First identified in 2003, this is one of the most prominent motifs forming components of what this author has dubbed Primal Imagery, likely persisting from "Old World" Paleolithic into Middle Woodland at this site, and into modern but traditional Inuit/Yupik iconography.  The theme is typically expressed as an animal (usually bird) or humanlike figure simply atop the head, and sometimes as full (shamanic?) headgear.


Above:  Figures from the Day's Knob site.


Chert Artifact from the Topper Site

An anthropomorphic head (right profile) atop a weathered chert figure from a quarry at the Topper site in South Carolina.  It did not appear in a pre-Clovis stratum, and could be from the Archaic Period.



In this context, consider these early 20th century photos of Native Americans (Apsaroke).


Bird on Tonto

From more recently (2013), Johnny Depp's portrayal of Tonto in the film "The Lone Ranger".  This elicited ridicule from an audience unaware of this ancient symbolic expression.  (The bird's outstretched wings do seem a bit off...)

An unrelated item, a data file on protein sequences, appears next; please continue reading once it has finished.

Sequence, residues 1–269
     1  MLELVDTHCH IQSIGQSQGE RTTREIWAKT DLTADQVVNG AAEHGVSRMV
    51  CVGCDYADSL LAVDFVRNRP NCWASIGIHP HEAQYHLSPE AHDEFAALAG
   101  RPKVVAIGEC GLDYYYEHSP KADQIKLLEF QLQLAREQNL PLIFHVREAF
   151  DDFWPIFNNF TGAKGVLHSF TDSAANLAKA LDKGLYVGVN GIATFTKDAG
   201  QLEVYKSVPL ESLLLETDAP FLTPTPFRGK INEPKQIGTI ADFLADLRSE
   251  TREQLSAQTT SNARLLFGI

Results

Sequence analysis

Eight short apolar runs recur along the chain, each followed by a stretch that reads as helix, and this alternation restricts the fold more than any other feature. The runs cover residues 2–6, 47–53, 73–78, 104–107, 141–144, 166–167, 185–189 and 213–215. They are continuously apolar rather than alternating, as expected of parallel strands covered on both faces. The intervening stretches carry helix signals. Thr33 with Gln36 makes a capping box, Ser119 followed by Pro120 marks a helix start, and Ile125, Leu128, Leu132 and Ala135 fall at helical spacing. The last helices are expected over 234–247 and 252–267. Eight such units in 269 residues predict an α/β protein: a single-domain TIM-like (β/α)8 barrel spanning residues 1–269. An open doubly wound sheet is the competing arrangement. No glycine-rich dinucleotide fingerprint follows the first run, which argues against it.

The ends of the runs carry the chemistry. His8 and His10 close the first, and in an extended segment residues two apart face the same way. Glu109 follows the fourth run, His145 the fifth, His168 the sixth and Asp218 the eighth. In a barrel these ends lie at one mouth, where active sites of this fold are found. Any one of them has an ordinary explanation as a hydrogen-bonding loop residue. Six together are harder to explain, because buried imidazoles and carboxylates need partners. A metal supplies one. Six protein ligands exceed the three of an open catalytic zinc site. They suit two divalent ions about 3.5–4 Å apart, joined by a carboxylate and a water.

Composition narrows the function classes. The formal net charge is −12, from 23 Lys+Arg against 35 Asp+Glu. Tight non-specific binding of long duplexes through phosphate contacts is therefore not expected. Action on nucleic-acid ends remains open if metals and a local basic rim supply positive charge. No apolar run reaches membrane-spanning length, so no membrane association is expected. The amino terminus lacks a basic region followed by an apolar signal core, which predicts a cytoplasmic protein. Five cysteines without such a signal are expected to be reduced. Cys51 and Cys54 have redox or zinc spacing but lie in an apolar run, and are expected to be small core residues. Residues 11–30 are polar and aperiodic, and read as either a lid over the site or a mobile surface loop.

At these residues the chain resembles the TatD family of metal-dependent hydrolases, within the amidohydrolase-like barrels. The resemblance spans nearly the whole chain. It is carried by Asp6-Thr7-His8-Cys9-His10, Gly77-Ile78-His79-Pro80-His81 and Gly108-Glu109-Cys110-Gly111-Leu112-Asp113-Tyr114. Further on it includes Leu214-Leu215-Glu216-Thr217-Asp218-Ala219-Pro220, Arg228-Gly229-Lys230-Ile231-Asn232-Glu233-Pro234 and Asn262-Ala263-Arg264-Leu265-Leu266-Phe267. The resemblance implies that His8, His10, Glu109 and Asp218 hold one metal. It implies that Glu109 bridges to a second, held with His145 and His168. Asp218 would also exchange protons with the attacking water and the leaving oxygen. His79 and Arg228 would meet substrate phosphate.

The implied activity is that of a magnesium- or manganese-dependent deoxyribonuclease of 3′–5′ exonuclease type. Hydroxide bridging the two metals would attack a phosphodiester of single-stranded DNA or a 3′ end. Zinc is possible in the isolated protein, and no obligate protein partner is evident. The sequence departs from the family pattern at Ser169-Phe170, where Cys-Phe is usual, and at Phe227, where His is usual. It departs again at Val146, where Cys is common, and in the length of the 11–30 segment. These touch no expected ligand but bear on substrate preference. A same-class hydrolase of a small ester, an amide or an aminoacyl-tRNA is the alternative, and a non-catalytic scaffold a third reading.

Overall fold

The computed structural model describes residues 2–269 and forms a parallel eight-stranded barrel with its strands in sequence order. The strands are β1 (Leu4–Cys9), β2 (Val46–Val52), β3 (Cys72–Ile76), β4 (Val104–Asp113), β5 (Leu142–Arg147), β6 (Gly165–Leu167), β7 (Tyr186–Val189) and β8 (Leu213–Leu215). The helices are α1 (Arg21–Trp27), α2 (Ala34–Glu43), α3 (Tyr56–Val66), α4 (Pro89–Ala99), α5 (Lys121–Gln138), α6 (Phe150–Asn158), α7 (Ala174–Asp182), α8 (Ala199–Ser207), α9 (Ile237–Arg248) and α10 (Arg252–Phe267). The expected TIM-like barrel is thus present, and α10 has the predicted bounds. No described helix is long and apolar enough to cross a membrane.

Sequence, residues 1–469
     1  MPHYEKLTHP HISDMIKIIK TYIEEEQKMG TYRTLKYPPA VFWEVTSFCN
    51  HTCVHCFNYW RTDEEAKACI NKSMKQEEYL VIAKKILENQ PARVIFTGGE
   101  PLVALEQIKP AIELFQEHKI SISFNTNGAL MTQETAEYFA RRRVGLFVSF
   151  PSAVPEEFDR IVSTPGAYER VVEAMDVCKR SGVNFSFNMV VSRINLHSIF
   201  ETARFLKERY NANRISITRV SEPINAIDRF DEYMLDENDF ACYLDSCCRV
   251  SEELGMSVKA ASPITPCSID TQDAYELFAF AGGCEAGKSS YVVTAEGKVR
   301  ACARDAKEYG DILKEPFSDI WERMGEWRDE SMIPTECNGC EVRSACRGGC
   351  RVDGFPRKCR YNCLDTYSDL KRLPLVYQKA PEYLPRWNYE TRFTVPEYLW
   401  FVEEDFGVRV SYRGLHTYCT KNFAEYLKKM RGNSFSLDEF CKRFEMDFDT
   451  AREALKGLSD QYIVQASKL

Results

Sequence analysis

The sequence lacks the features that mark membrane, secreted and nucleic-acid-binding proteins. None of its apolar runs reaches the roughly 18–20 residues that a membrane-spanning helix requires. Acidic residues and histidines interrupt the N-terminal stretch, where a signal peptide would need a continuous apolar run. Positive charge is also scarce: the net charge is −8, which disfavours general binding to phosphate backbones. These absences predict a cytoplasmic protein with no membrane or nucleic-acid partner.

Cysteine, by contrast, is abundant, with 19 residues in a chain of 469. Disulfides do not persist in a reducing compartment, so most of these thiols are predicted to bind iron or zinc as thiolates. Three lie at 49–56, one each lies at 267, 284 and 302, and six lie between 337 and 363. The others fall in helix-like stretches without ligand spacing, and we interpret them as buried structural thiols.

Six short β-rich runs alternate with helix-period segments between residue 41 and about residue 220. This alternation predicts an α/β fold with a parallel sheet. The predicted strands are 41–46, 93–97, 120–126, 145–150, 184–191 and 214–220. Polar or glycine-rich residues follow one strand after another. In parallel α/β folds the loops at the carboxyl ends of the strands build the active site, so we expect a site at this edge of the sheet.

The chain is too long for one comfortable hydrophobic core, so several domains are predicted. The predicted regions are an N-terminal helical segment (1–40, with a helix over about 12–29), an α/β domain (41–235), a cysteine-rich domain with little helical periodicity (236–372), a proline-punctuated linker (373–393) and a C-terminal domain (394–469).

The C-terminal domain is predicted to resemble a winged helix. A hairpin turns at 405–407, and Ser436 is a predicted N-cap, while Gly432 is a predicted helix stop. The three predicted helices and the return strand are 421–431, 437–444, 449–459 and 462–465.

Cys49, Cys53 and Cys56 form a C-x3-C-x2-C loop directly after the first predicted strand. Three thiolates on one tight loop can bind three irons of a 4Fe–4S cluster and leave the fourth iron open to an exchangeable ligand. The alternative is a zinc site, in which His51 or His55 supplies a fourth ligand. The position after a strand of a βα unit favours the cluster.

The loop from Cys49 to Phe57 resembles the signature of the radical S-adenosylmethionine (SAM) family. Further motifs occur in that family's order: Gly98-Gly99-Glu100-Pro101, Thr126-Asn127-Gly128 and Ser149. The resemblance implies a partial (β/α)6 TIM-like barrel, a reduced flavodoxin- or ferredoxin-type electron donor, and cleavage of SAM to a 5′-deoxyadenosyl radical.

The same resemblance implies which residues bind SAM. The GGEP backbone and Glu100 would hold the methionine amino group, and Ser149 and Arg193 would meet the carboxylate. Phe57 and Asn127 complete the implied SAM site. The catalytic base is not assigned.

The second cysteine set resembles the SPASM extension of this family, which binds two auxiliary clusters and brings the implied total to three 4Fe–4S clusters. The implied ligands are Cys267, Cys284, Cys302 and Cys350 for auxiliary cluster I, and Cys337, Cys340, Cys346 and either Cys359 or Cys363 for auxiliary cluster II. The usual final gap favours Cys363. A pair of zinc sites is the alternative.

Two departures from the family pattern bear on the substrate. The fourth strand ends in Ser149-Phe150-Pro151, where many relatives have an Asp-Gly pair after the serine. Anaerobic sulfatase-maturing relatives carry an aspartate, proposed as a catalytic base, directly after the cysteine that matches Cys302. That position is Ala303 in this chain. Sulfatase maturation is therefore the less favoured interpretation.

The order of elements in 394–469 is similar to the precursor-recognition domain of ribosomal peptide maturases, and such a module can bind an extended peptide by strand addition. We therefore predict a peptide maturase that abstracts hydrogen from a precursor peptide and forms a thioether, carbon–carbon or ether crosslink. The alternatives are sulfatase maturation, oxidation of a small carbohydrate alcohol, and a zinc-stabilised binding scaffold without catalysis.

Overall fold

Below:  For comparison with the above - left, a Late Woodland soapstone gorget; and right, a Mississippian limestone pipe, both in the same theme.



Below:  Left, an old Inuit or Yupik ceremonial mask; right, a print by Yupik artist Phillip John Charette.



Above, a finely chipped example of the theme in Vanport (Flint Ridge) chert, height 10 cm (4").  Here a decidedly human head, facing right, forms the crest over a more zoomorphic one.  (Surface find by Pamela Douglass in Licking County, Ohio.  Photo by Ken Johnston.)
Facing left, the theme in a flint figure from Simon Parkes in England, from a stratum indicating an age of 125,000 - 200,000 years BP.

Again facing left, the motif in a weathered Australian sandstone artifact.


Left, a limestone crested head figure from just beneath the surface of the earthwork at 33GU218.  Right, the head of a ceramic figure from the Turner Mound Group in southwestern Ohio.


(Probably not relevant...)


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